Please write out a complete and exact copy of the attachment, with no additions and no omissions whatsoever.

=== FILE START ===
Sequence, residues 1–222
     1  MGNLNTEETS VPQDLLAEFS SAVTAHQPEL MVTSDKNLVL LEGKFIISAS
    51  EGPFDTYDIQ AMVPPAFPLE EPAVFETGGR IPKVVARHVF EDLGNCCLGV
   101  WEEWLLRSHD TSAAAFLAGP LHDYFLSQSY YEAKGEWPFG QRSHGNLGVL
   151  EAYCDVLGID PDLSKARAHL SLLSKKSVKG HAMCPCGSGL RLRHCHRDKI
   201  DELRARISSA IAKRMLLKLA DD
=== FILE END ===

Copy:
Sequence, residues 1–222
     1  MGNLNTEETS VPQDLLAEFS SAVTAHQPEL MVTSDKNLVL LEGKFIISAS
    51  EGPFDTYDIQ AMVPPAFPLE EPAVFETGGR IPKVVARHVF EDLGNCCLGV
   101  WEEWLLRSHD TSAAAFLAGP LHDYFLSQSY YEAKGEWPFG QRSHGNLGVL
   151  EAYCDVLGID PDLSKARAHL SLLSKKSVKG HAMCPCGSGL RLRHCHRDKI
   201  DELRARISSA IAKRMLLKLA DD